I had set off a charge once of Aluminized BP surrounded by Hexamine soaked in naptha ...... and DAMN :D did it put out a heat wave. (I miss those days when I could buy kilos of hexamine as camp fuel)

madscientist - 20-10-2002 at 19:37

I would think that PbO2/Al mixes would be violently explosive and dangerously unpredictable.

Alkalai Aluminum Hydrides

PrimoPyro - 27-10-2002 at 13:46

Well, what about Fe3O4 and KAlH4? (shiver in fear at the thought of its sensitivity)

That should be quite 'hot'.

Lithium aluminum hydride is common, and potassium aluminum hydride would provide more energythan the lithium salt.

Question is, would they burst into flame upon contact, or would a mixture be stable enough to be set off intentionally. Regardless, even if it is 'stable enough' I'd never recommend storing the mixture, as it would provide MUUUUUCH more energy than standard thermite, I think.


Nick F - 27-10-2002 at 14:21

Just wondering, did anyone ever try mixing CuO/Al with a small amount of binder, such as polyester resin, before either detonation or ignition? I'm particularly interested in detonating bound mixtures...
Anyone know if it works? It could make good little flash-bangs...

vulture - 28-10-2002 at 09:33

How about CaC2/Fe2O3? The formation of CaO should gives quite a good enthalpy.
Not to speak of KMnO4/CaC2.....

bonemachine - 29-10-2002 at 04:04

Is it posible to use CuO with fuels of lower ingnition point?

vulture - 29-10-2002 at 14:54

How about Ag2O2 and Al/Mg/CaC2/ LiAlH4? :D

bonemachine - 31-10-2002 at 07:55

I am thinking to make 200grams of CuO/AL. If i confine this in paper tube will it be powerfull like flash? Or not?

bonemachine - 31-10-2002 at 11:53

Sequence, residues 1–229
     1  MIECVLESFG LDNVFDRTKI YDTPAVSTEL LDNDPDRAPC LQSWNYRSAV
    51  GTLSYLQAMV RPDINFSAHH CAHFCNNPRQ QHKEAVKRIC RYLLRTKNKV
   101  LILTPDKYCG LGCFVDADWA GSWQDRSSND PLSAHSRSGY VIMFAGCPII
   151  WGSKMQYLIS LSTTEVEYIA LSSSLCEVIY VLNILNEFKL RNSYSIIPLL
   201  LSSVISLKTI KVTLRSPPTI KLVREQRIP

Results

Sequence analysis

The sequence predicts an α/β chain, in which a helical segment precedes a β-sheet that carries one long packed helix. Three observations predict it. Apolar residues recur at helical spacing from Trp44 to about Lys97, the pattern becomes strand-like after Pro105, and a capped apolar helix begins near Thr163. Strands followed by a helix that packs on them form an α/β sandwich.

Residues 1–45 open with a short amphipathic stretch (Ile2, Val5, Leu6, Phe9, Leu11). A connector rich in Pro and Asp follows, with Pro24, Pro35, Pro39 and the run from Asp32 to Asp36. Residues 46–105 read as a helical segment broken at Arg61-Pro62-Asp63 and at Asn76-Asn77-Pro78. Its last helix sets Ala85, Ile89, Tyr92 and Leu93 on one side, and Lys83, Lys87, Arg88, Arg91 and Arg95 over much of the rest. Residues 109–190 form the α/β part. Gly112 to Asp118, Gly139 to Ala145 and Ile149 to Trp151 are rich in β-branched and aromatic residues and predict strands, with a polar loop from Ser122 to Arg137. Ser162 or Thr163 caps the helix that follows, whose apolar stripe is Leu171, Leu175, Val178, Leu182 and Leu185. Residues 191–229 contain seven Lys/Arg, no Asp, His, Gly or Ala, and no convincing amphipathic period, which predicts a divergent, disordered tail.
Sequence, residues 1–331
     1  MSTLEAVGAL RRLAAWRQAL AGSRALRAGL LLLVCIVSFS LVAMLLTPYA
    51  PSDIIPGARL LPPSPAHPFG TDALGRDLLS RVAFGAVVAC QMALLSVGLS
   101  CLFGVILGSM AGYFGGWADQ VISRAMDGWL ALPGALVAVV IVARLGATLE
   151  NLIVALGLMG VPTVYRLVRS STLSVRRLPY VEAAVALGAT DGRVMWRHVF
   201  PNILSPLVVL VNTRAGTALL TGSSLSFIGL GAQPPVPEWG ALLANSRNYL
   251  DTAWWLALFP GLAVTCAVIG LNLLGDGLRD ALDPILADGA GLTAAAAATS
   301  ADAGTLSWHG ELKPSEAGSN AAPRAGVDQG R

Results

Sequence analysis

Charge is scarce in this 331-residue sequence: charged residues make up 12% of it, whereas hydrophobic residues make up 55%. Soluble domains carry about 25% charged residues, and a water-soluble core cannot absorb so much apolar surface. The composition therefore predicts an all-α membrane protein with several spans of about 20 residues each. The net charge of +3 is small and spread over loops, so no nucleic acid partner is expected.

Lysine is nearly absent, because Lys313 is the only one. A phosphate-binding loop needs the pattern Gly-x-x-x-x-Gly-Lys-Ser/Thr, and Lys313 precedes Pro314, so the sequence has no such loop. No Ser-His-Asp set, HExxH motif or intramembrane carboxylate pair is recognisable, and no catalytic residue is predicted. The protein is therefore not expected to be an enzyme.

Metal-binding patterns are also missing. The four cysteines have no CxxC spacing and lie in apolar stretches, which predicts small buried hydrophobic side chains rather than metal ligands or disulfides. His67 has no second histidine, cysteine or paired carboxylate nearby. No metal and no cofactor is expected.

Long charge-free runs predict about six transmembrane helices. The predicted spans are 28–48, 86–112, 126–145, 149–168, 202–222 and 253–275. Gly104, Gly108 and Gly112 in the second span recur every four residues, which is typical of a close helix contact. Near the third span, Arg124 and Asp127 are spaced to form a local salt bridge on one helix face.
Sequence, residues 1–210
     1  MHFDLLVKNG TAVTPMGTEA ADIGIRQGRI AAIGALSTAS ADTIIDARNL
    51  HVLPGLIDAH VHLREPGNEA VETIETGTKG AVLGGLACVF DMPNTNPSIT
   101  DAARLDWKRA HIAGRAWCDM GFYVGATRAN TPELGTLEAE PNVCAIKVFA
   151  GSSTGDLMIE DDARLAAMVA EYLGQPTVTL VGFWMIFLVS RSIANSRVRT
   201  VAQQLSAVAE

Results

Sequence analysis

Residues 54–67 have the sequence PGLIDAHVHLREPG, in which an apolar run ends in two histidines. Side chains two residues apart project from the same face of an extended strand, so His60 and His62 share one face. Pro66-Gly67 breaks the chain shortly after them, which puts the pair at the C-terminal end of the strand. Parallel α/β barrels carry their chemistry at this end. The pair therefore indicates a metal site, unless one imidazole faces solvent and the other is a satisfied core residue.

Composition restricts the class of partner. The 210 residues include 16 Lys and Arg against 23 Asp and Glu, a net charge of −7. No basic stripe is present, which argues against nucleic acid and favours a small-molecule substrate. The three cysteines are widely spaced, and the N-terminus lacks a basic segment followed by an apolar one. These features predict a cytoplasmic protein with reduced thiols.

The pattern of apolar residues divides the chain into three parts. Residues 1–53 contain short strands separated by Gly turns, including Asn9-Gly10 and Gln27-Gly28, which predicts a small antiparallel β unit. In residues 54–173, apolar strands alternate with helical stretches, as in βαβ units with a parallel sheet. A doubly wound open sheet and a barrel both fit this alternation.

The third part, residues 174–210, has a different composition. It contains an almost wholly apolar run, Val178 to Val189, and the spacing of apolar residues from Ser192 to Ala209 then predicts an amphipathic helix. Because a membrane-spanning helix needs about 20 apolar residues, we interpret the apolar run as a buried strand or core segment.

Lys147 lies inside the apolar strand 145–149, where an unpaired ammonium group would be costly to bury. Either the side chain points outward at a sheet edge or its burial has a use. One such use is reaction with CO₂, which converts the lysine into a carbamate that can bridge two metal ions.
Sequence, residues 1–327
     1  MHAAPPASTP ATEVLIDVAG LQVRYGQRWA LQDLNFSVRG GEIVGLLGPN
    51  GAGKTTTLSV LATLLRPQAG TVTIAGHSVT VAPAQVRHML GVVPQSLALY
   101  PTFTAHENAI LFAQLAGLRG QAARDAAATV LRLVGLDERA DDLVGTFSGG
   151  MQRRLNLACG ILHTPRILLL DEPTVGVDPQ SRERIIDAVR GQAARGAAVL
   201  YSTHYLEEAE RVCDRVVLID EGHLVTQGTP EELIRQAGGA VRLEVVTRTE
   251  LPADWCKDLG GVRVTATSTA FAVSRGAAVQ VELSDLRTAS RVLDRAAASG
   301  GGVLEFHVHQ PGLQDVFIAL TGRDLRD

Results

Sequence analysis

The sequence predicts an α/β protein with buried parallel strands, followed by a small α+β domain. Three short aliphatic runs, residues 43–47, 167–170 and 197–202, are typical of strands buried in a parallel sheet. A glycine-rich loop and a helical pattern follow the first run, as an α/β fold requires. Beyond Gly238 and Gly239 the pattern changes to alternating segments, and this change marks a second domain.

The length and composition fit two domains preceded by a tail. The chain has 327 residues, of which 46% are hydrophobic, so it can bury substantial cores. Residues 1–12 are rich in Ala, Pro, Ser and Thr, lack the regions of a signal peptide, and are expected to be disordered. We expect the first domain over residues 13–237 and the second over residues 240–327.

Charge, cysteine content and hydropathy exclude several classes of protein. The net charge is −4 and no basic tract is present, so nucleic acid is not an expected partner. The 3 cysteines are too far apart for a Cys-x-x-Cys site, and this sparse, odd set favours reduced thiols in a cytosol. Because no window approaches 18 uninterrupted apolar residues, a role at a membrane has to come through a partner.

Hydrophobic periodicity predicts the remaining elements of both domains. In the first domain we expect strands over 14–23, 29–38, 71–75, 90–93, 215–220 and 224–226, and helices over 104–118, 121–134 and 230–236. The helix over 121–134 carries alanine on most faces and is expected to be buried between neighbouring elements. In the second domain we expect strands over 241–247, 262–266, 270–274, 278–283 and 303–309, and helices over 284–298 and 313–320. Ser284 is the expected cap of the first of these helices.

So it seems that it has alot of blasting power. But compared to common flash powders how powerfull could be 200grams??

Also I realy don't understand how CuO/Al detonates. If it would realy detonate then simply CuO could also do. Am i right? Or the mixture can ingnite so fast before the elements separate from each other from the blast?

bonemachine - 1-11-2002 at 11:36

Maybe this doesn't got to do much with thermite but i was always wondering what could hapend if a hot glowing thermite falls inside a container full of potasium nitrate. My first thought was that a very violend deflagration will occur trowing hot particles everywhere. But on second thought if you consider that the heat is so high to decompose even water then why not to detonate potassium nitrate? I am planing to test this soon.... Any one has any experience about this or just imagine what could hapend if thermite ingnites in a container with a nitrate oxidiser?

bonemachine - 2-11-2002 at 09:56

I made some CuO (by heating strongly Cu(OH) from electrolysis cell until it turns totaly black) and mixed it with 600mesh Al flake. I have trouble ingniting it. I used a barium nitrate/Fe fuse and the AL sparked a little bit but failed to deflagrate with CuO. What temperature needs CuO/Al to ingnite? Would be good to add some sulfur to the CuO/Al mix so it can be ingnited easy or it will slow down the burn rate? Also i had a thought to add some kno3 to make it more ingnitable will this work?
Oh and a last one, Carbon reduces CuO at low temperatures could be used as fuell?

plz someone anser!!:(

Polverone - 2-11-2002 at 11:37